Phase Two of Underwater El Faro Search Begins Today
On October 23, the United States Naval Ship Apache arrived at the last known spot of the El Faro, the cargo ship that went missing earlier this month somewhere in the Atlantic Ocean—likely near the Bahamas. The search mission was launched by the National Transportation Safety Board last week on October 19.
33 crew members were on board the vessel when it sunk, 28 of which were American. The incident began when the ship had engine troubles just as Hurricane Joaquin headed towards it. Caught in the raging storm, the ship began taking on water and eventually sunk. All crew is presumed dead and debris has been found near the Bahamas.
First Phase of the Search Comes Up Empty
The Apache previously searched the last known position of the cargo ship with a Towed Pinger Locator (TPL), which can help locate the vessel underwater through its “black box,” or pinger. According to the Navy, the TPL can reach a maximum depth of 20,000 feet. The system is towed behind a vessel very slowly depending on the depth a sunken ship or aircraft is believed to be at. In the case of the El Faro, the vessel is believed to be at a depth of no more than 3 miles.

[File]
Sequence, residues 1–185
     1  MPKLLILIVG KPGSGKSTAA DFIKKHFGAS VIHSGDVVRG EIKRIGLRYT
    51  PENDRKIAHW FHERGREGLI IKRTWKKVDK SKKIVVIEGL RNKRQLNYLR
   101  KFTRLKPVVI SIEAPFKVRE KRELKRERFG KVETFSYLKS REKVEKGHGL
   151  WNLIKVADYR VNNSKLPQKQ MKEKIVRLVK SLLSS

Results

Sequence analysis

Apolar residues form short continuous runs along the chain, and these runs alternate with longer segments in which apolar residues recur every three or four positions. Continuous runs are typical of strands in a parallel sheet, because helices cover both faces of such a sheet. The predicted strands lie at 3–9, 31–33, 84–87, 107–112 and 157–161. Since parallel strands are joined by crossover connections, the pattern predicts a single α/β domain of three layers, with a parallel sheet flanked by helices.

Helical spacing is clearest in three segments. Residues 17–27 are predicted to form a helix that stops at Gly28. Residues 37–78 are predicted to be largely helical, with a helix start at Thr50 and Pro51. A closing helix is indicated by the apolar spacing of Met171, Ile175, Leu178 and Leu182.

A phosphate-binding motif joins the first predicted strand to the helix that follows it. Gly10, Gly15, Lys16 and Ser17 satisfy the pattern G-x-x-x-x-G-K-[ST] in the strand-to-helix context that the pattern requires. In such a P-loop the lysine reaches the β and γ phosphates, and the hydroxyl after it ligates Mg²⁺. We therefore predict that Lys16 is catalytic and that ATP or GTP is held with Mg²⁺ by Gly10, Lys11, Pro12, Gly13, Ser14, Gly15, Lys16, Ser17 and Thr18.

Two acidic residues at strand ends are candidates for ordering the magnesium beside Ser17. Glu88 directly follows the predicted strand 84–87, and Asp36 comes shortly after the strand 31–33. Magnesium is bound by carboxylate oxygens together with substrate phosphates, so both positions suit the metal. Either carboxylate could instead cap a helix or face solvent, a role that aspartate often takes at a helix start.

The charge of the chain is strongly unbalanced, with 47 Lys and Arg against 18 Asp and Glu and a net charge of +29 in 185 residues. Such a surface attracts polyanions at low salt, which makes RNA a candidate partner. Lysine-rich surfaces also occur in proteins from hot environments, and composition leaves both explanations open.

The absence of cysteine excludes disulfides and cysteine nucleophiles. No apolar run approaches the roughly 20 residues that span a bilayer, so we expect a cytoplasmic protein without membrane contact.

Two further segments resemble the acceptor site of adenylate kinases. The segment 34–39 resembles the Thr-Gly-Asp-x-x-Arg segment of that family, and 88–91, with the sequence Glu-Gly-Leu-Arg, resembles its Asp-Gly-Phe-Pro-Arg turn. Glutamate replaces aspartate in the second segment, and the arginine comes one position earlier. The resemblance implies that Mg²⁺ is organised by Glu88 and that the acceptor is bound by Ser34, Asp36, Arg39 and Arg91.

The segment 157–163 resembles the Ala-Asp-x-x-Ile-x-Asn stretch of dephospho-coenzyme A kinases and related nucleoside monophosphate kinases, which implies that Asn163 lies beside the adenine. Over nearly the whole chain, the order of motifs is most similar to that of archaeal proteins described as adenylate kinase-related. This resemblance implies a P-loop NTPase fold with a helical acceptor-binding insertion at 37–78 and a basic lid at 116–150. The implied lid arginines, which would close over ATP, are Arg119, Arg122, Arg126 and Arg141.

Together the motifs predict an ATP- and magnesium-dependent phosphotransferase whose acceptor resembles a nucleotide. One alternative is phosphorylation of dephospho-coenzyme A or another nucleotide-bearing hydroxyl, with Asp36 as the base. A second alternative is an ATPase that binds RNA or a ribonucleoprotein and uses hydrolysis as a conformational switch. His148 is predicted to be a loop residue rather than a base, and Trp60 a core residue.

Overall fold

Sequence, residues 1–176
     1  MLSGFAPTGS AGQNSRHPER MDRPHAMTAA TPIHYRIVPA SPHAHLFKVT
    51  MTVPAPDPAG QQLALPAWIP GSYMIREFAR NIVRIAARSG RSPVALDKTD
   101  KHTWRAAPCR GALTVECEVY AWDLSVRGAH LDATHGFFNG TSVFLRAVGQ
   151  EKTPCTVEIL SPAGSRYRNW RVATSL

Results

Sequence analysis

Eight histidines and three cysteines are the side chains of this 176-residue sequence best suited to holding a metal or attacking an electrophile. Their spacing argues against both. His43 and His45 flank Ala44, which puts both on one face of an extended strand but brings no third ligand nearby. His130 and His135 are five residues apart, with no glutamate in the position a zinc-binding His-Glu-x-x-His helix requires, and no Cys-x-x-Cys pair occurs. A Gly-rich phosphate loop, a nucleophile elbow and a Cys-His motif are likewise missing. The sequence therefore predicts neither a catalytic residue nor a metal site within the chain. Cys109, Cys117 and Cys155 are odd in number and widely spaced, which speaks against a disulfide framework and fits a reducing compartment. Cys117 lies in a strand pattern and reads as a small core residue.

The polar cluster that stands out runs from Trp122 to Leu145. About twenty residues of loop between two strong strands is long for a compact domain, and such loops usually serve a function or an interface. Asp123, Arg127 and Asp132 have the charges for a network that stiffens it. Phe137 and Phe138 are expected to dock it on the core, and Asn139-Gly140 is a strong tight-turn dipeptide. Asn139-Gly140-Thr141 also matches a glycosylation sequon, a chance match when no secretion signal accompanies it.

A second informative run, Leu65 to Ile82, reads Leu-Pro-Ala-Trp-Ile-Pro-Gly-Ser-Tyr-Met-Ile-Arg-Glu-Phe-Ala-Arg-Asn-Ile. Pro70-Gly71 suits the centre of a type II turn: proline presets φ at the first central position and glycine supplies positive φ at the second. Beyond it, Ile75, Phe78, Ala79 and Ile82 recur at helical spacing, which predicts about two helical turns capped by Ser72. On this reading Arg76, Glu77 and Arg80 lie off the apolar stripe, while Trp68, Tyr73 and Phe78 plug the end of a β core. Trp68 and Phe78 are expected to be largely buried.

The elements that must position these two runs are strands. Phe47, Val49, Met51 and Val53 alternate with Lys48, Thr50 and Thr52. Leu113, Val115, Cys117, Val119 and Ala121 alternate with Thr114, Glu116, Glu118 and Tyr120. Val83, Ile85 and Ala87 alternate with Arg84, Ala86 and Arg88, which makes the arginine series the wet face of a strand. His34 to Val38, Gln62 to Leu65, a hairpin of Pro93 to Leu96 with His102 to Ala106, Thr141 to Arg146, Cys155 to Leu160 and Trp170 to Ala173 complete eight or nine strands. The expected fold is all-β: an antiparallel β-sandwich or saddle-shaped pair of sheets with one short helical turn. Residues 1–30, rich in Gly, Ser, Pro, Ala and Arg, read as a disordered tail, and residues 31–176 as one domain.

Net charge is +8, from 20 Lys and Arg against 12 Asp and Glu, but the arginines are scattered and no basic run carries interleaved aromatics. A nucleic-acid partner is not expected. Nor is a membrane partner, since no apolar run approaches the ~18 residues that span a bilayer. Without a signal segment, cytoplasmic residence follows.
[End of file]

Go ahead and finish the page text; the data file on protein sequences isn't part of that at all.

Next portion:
The total search area is estimated to be 10 nautical miles by 15 nautical miles. So far, the USNS Apache has towed the TPL through five search lines across the designated area in attempts to pick up signals from the El Faro’s black box.
The first phase of the search was completed yesterday, on October 26. So far, there are no results to report. It is unclear whether or not the Towed Pinger Locator will be able to effectively to pick up any signals from the sunken vessel’s pinger locator, as even something as small as the orientation of the ship on the bottom of the ocean floor could affect it. If the ship’s pinger has been damaged or blocked in some way, it may also be impossible to pick up the signal.
Orion Side-Scan Sonar System Brought in for Second Phase
Today, the second phase of the search began with the Orion side-scan sonar system. While the second phase will include the same search area, the new system will hopefully provide new findings for the searchers. This phase will be 14 days long and involve 13 search tracks. The Orion side-scan sonar system won’t look for the pinger, but the actual vessel itself. If it finds it, it can create an image of it to aid investigators in their search for the ship on the sea floor.
For more updates on the El Faro investigation in the coming weeks, be sure to return to our blog.